“Hospitality means primarily the creation of free space where the stranger can enter and become a friend instead of an enemy.”
– Henri J.M. Nouwen
La Boheme Salon de Thé in Manouba has become our second home, our watering hole, our workplace, and our conference centre, the place where we meet friends, celebrate milestones, hammer out goals, resolve disagreements, watch soccer, or just bask in the radiance of a contented clientele and a congenial staff.
Like most cafés here, even the cheaper, all-men’s cafés, the coffee and tea are good and you don’t need to buy more than one to have the privilege of hanging out for hours. There’s a television on the wall running sports or music videos with laughably idealised romantic scenes, but no one pays much attention to it except during the Soccer World Cup, when the place is densely packed with rowdy soccer fans, and then only when Tunisia is playing.
Hot drinks are served in small cups. The main choices are basic, limited to coffees like “direct,” which tastes like instant coffee with a foamy creme on top, espresso, espress Americain (like diluted espresso served in a larger cup). You can also order Arab coffee, Turkish coffee, Italian coffees, or hot chocolate.
If you don’t want caffeine you can buy Lipton herbal teas, sodas, mineral water, lait de poule (“chicken milk,” which is exactly like our “smoothie”), and freshly squeezed orange juice (you can’t buy real fruit juice in the stores, so this is a treat).
For the equivalent of an extra dollar or two you can smoke a hookah, a large standing water pipe stuffed full of chicha, a fruit-flavoured herb with a slightly tranquilizing effect.
Unlike the men’s cafes, which do admittedly sell good cheap coffee, La Boheme is clean, nicely decorated, and welcomes a mixed clientele made up of men, women, and children,
What makes the atmosphere so friendly is that the staff all seem to like each other and the clientele. They like their work even though It’s clearly exhausting, and the logistics of moving chairs and tables for customers as they enter looks like a job and a half (it doesn’t hurt that waitress Ghofrane is a former powerlifting champion). The clientele is respected and respectful. And unlike the men’s cafés, the servers don’t help themselves to your cigarettes without asking first (and then only rarely).
Managers Hichem and Iheb have the kind of friendly, warm personalities that light up the joint, and they never fail to offer returning customers smiles and greetings. As busy as they get, they find time to sit and gab.
Waitresses Ghofrane, Amira, and Fatima whip around with the efficiency of industrial heat pumps. They cater to my need for sugar-free Arab coffee (only because most Arabs add sugar to the coffee while boiling it, and the amount of sugar they add, combined with the intense shot of caffeine, will make you want to excuse yourself to kiss the sky). They sometimes whimsically draw a chocolate syrup heart in my café creme or insert a juice straw twisted into the shape of a heart into my lait de poule.
On my husband’s birthday I snuck a cake over to La Boheme with instructions to surprise my husband with it when we arrived that evening. The girls got into the spirit of things with a delighted zeal, placing the cake on a gorgeous artisanal platter, drizzling it with extra chocolate syrup, and singing “Happy Birthday.”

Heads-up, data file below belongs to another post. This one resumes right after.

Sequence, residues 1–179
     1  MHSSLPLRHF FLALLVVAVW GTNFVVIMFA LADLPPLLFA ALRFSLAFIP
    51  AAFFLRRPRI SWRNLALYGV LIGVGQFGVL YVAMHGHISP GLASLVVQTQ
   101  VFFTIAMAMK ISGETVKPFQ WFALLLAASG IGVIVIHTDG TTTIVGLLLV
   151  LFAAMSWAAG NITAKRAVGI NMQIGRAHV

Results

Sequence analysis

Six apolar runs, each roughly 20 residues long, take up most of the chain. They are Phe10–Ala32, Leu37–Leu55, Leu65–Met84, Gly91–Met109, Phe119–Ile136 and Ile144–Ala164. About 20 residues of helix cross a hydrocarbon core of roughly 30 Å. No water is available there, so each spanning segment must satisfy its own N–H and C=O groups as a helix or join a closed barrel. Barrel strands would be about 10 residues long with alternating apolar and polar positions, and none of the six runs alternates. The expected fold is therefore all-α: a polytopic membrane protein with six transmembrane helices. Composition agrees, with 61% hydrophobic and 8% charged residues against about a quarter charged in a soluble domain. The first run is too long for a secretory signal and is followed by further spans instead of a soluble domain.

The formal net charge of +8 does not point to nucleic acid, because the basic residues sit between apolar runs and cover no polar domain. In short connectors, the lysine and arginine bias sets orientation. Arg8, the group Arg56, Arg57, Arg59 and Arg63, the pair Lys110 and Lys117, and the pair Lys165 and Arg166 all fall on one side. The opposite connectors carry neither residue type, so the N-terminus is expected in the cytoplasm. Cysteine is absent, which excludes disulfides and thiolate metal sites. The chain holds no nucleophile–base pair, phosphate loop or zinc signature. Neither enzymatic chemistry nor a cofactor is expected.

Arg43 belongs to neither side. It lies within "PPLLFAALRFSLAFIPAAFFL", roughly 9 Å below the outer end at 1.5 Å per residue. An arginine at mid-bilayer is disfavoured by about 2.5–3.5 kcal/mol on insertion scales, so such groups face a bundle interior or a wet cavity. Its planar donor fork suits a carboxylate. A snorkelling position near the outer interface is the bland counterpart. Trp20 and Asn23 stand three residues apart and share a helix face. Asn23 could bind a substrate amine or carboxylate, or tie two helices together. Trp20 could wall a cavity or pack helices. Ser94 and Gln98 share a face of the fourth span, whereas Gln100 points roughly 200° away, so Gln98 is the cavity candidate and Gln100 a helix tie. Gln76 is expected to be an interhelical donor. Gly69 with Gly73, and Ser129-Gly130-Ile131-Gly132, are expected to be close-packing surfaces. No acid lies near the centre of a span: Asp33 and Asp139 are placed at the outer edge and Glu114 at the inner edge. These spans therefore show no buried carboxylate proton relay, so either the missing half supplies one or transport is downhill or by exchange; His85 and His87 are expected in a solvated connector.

You can’t buy that kind of loving care.
It would appear that the genial nature of the service here at La Boheme just happened. No staff indoctrination sessions, point reward systems, or pep talks. When asked who set the precedent for La Boheme’s congeniality, night manager Hichem is at a loss. It seems that no one has laid down the law to the staff about how customers should be treated. This is surprising considering that the majority of cafés here provide surly, careless service, as if the servers preferred that the customers stay home.
The only explanation I can find is that La Boheme is modeled after the traditional Tunisian home, and practices traditional Tunisian hospitality.
The Arab nomads of old were obliged to develop a high standard of cordiality toward guests, expected or not; after a long trek through the desert, enduring heat, thirst, hunger, illness, and the threat of confrontations with hostile tribes along the way, the nomad would have craved not only sustenance but a welcoming atmosphere and hosts ready to see to his every need. In the absence of geographically fixed communities, hospitality was a necessary means of sharing goods and information, as well as of maintaining peace between clans.
Tunisians today face many of the same problems that afflicted their ancestors, albeit in altered forms. Even though stationary settlements have supplanted the nomadic lifestyle, the political situation is still uncertain. Bribes are often necessary for dealing with public officials, and some merchants will try to cheat customers who aren’t part of their own clan. Hostile tribes, in the form of hidden cells of religious extremists, can burst out of nowhere to wreak havoc at any moment. Family groups often feel compelled to stick to themselves and to maintain a united front against external threats, a state of affairs that renders civic engagement rare and arduous.
That’s why hospitality is so essential, and why, even today, Tunisian hosts and hostesses knock themselves out, sometimes going without necessities themselves to ensure their guests? comfort. If you are a guest in someone’s home, even for a day, you’ve forged a bond with that person that can’t be broken, a bond that obliges you to seek the good of that household for the rest of your life.
Which is why we’ll always be seeking the good of La Boheme.